HCBS Training

Measuring Outcomes of Person-centered Practices

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Earlier in the Module, we talked about three types of evaluation: effort, fidelity of implementation, and outcome data. So far, we have been talking about effort and fidelity of implementation. The last type of evaluation data in an evaluation plan are the outcomes that are measured. The outcomes that are measured by teams will include quantitative or qualitative data. Each team will have different goals and different ways to measure them. Many HCBS providers collect similar types of outcome data. 

Some examples of outcomes measured by HCBS providers include:

  • Increases in relationship building and social skills for both staff and people receiving support,
  • Changes in social and emotional skills for both staff and people receiving support,
  • Decreases in challenging situations (e.g., injuries, staff illness, 911 or emergency calls),
  • Quality-of-life surveys that assess the overall organization and for individual people receiving services,
  • Organizational workforce issues like staff attrition and retention, and
  • Community or interagency collaboration.
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  • Increases in quality of life scores completed by people supported and their families
  • Interviews or stories that show how successful person-centered practices are in HCBS
  • Staff attrition or retention summaries
  • Decreases in workers compensation claims
  • Changes in written documents such as policies and procedures (qualitative document review)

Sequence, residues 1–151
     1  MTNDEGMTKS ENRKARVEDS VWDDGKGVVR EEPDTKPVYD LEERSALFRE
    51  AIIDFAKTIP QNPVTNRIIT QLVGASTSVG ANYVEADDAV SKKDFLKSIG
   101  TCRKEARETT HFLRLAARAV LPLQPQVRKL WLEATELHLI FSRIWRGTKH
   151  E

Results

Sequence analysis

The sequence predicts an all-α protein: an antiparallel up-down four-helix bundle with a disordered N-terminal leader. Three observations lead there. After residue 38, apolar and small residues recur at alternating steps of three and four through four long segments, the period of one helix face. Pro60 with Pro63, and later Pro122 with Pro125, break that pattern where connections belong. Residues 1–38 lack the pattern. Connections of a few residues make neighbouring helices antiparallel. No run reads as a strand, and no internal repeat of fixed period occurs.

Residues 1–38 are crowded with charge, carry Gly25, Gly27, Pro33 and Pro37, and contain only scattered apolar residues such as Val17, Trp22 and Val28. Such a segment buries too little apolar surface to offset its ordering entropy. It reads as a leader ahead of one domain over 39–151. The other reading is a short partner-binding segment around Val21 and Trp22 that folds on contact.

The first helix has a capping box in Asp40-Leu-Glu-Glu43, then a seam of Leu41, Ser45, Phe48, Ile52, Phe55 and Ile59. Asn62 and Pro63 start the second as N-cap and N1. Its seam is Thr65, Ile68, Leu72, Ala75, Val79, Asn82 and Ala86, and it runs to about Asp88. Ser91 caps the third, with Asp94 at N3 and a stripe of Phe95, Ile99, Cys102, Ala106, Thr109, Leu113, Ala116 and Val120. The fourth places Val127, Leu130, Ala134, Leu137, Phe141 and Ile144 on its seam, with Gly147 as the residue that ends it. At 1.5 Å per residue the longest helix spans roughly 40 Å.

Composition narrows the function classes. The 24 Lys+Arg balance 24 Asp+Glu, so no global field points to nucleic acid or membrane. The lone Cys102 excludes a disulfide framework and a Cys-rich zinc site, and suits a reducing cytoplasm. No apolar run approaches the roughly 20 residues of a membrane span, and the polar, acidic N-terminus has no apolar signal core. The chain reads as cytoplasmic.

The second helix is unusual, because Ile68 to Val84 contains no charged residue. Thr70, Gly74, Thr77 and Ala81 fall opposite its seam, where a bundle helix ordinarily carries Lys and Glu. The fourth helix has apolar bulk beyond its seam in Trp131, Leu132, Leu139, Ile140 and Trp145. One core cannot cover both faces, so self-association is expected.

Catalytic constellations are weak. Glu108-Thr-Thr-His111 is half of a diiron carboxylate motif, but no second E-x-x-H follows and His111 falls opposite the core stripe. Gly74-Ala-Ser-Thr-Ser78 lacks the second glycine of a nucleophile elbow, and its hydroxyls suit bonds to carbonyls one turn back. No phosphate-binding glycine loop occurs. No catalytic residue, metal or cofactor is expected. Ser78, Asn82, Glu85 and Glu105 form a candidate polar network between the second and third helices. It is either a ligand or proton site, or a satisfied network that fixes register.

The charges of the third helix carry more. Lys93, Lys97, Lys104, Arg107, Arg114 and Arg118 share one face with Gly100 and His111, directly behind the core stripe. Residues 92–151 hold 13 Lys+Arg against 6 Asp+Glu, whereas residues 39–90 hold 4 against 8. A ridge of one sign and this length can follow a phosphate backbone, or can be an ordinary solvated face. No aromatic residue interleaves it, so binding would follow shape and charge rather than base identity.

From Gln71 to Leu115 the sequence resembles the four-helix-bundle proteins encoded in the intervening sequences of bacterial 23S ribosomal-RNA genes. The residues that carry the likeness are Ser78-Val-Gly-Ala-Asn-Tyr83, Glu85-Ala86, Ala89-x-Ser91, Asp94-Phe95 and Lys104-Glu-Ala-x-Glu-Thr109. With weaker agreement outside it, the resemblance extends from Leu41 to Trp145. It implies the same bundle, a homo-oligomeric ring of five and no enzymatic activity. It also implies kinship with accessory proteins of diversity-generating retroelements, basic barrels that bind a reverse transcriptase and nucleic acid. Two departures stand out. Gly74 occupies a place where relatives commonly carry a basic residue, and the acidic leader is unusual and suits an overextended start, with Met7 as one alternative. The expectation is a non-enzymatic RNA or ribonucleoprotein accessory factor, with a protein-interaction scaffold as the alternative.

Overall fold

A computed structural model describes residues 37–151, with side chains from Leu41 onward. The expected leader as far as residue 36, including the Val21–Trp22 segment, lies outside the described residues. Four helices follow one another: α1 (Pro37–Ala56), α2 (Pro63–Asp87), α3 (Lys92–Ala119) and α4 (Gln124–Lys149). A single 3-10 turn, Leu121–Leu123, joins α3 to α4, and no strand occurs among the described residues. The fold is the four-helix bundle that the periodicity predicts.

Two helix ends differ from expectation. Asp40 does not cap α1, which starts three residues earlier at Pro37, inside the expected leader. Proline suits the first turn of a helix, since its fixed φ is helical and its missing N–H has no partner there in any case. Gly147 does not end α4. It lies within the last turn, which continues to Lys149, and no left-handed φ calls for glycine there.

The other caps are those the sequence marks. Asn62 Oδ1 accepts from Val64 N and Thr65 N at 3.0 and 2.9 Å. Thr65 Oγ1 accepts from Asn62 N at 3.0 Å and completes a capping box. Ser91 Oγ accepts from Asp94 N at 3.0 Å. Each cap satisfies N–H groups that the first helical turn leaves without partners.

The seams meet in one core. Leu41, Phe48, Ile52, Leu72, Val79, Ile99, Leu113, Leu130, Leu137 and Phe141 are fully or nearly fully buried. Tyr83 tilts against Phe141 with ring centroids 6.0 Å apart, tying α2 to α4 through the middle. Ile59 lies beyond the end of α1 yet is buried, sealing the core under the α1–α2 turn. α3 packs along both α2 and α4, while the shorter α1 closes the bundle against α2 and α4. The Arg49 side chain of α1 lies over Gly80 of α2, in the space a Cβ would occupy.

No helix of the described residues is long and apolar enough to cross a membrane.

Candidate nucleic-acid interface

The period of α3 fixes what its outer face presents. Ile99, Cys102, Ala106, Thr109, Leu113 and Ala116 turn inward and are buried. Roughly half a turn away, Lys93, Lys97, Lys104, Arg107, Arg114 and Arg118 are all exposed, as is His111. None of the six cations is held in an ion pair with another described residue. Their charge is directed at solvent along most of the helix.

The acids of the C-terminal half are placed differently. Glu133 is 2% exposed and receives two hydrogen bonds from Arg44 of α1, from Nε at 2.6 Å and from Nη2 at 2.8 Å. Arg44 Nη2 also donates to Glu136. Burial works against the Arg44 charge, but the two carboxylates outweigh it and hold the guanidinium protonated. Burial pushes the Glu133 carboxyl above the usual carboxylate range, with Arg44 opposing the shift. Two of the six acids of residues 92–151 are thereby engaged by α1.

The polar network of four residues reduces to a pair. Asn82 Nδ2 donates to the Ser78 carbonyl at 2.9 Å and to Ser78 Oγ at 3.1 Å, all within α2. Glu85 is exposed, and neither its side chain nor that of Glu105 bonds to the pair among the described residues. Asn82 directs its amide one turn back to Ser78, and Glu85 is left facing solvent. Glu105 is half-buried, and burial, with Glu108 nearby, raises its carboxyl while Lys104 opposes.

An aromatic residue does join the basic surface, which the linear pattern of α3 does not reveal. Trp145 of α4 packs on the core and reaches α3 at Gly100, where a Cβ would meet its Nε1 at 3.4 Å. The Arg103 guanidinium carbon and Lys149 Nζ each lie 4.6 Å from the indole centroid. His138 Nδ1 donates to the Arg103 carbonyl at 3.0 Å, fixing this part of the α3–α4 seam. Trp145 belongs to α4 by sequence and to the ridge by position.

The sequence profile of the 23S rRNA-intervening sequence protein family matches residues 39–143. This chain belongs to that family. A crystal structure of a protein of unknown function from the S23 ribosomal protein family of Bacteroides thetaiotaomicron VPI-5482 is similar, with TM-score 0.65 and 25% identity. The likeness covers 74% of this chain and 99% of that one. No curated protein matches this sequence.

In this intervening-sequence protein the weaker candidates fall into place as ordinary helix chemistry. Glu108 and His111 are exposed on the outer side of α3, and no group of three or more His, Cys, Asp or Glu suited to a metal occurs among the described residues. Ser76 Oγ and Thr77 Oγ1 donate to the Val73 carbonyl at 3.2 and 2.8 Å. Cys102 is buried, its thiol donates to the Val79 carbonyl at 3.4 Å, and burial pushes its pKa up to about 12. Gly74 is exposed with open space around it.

• Changes in incident reports with visual summaries of frequency, where, when, how, and why challenges occur
  • Increases in the number of people indicating they are "very satisfied" with services on surveys
  • Increases in the number of staff indicating they are "very satisfied with the work climate" on surveys
  • Pre/post-tests of knowledge about person-centered practices

The evaluation plan provides a guide so that the team can show evidence that person-centered practices are being used as intended and that HCBS are improving lives for the wide range of stakeholders involved. 

A public health organization formed a team to make changes in person-centered practices. The team reviewed how the organization’s plan of care was organized and discovered several ways to improve the written document.  First, the team  included more person-centered language in the plan of care and focused on issues that are Important To as well as Important For people. The team felt that the plan of care format was too long and hard to read so they changed the length and how it was organized.  After these changes were made, a survey of families and people supported showed greater satisfaction with services.